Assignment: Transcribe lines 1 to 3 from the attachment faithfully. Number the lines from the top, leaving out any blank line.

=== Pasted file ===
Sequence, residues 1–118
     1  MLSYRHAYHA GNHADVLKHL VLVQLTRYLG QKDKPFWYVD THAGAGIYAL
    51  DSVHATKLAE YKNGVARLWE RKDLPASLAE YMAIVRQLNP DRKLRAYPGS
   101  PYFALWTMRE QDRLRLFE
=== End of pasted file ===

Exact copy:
Sequence, residues 1–118
     1  MLSYRHAYHA GNHADVLKHL VLVQLTRYLG QKDKPFWYVD THAGAGIYAL
    51  DSVHATKLAE YKNGVARLWE RKDLPASLAE YMAIVRQLNP DRKLRAYPGS